Choreographing a Three Bridges Park Experience
If you haven’t yet visited Milwaukee’s new Three Bridges Park, a local troupe will attempt to lure you.
For the next three nights, dancers will thread through a portion of the 24-acre slip of land in the Menomonee Valley. We step in on a rehearsal to learn what the artistic director is out to achieve.
Deb Loewen’s eyes scan the troupe from a bridge in the middle of the park. A dozen dancers sprinkle across the landscape. Some position themselves on the slope where young plants grow. Others, on a paved trail.
They begin synchronized movements, following the lead of a single performer in the middle of the river.
Loewen calls the production “Acts of Wilderness.”
“They are making wilderness here, this was just dirt from the freeway that was just left here for years and years and years, so it’s being shaped into a wilderness. My thinking is that we also are enacting and moving this wilderness forward and inhabiting it in the new way,” Loewen says.
Loewen started “designing” the performance while construction crews were still re-sculpting the old industrial corridor.
“And the trucks were flying, they were just flying with topsoil and dumps and rocks, jumping off the road because people were coming and going, I just thought.....” Loewen says.
She thought “horizon.”
“So there’s a lot of horizontal – you know vertical and horizontal plain, because they’re on top of this ridge and the minute they reach UP it’s to the heavens,” Loewen says.
Yet Loewen wants to keep the performance “gritty.” The dancers will wear colors of autumn; the river character will glimmer in white.
“The trick is the landscape is so beautiful, if you add more beauty to it, you’re going to lose,” Loewen explains.
Don’t tell Loewen, but gazing out at her troupe, I would have a hard time calling its fluid movement anything less than stunning.
The tossled hair choreographer founded Wild Space Dance Company “26 seasons” ago. A steady part of her repertoire is “site specific” performance. She admits her early motivation was practical.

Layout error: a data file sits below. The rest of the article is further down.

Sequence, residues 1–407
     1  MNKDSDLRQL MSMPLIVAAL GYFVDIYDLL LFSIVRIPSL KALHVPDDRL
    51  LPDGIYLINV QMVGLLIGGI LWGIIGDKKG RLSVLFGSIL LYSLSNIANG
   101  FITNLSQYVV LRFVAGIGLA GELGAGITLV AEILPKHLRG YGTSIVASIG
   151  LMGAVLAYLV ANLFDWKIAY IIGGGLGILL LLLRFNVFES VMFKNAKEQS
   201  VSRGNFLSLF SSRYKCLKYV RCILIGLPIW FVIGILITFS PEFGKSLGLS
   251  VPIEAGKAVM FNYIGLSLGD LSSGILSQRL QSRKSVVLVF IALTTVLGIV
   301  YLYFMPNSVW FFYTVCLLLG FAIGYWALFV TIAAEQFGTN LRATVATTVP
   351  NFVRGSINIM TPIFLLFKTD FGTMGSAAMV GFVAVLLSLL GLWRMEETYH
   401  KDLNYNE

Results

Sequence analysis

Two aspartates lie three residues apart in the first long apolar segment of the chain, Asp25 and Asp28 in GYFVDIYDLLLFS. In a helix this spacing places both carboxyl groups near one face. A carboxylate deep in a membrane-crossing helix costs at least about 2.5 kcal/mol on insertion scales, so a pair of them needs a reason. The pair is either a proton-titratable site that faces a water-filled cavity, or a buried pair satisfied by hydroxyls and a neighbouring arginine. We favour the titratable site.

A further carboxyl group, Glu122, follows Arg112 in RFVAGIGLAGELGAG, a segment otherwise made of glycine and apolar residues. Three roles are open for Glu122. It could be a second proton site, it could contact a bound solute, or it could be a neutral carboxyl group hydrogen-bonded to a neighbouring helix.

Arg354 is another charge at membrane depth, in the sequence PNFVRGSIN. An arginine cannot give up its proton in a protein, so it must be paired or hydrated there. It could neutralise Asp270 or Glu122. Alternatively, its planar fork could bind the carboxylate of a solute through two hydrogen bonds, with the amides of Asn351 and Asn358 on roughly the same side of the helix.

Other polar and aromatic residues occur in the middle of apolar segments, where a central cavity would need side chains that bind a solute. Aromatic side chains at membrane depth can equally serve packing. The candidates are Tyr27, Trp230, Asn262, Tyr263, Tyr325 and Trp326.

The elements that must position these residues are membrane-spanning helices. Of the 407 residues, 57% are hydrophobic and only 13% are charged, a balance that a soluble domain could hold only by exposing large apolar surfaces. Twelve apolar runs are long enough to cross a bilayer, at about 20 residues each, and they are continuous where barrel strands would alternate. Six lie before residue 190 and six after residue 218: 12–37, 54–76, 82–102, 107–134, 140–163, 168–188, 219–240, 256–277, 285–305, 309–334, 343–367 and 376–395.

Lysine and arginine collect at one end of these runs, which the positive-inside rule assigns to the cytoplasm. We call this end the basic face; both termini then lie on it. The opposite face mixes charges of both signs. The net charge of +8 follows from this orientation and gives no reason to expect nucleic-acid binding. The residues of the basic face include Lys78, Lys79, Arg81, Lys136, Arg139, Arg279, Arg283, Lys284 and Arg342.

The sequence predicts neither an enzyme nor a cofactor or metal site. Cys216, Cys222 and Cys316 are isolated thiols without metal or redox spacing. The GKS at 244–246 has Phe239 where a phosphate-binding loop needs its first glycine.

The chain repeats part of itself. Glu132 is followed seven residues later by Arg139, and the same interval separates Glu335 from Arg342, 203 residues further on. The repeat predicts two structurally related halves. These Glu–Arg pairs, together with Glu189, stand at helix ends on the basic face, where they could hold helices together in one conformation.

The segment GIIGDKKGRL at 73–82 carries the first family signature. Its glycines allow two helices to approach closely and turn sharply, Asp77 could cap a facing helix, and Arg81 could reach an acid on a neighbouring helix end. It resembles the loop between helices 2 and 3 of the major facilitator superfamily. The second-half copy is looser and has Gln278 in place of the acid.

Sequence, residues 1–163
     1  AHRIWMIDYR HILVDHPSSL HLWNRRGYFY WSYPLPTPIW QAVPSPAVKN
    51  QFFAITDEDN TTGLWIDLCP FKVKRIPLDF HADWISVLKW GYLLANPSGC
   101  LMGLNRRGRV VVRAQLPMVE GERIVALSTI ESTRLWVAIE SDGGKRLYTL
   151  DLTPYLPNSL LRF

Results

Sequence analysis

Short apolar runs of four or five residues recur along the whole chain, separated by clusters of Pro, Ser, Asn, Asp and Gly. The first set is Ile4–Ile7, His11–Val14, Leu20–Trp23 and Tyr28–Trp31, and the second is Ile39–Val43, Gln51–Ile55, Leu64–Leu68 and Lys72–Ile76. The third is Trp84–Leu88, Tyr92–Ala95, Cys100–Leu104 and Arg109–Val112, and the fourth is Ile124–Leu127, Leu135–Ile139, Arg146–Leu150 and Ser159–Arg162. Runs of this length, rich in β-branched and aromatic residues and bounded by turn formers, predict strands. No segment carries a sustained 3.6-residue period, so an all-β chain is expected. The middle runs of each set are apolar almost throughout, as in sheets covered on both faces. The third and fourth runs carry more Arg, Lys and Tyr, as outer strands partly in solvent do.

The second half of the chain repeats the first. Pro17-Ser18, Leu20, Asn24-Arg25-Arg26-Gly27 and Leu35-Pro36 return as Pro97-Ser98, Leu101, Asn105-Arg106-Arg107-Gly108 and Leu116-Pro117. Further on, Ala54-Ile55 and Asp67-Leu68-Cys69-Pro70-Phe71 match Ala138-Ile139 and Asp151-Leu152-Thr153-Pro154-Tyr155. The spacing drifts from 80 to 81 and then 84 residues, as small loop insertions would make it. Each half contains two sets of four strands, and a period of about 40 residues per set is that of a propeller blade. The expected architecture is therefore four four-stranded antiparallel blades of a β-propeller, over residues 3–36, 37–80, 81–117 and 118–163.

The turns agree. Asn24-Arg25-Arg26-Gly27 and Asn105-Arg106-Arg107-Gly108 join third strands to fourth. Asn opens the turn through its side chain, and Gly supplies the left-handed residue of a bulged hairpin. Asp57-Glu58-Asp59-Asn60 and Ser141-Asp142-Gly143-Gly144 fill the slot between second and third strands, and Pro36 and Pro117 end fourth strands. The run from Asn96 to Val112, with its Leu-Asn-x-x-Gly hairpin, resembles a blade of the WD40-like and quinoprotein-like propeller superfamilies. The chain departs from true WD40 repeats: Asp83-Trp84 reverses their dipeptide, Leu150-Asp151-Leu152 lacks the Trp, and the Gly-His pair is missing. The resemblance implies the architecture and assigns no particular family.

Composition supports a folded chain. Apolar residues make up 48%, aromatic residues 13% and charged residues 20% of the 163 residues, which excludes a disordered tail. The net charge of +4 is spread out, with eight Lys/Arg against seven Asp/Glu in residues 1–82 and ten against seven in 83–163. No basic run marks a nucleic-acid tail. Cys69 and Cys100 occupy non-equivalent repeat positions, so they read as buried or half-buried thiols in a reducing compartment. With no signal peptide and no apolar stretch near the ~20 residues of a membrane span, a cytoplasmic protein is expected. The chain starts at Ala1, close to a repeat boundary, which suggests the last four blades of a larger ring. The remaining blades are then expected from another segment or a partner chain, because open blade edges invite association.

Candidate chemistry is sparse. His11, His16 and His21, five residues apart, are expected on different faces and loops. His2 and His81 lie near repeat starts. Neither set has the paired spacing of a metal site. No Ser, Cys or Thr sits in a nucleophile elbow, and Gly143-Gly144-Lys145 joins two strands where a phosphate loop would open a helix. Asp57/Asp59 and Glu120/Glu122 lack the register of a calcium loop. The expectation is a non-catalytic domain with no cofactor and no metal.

“Because the theater spaces are less available to people,” Loewen says.
But the niche has grown on her. Loewen says it allows her to imprint humanity on a space and serve as its cultural ambassador.
“Where the audience HEARS about it, but sometimes it takes them three years to think ‘oh where is that place’,” Loewen says.
Three Bridges Park seemed the ideal backdrop.
“This is not such an easy place to find; parking will be a little tricky and people will come and say, what’s happening, I’m missing something. So there’s that and I always want to take care of them. But I think the beauty of it is, once you get them in, they kind of lock in and they stay with you and the fact that you are offering something that they will never see anywhere else. There will never be a river like this, with a bridge perfectly set the way it is, to have a group of dancers in the water and the sound of the water and sound of the splashing and the look of that,” Loewen says.
However, Acts of Wilderness does require a little imported light for its 7:30 P.M. performances.
“There is no artificial lighting except for the industry on the side,” Loewen says.
Not to worry – more solar-powered lights than she can count – the kind you can plant in the round – have been powering up in Loewen’s backyard. They will illuminate the night sky.
She reconfigures the dancers on the ridge, shifting their moves ever so slightly, oblivious to a little wind and the neighboring factory’s loudspeaker.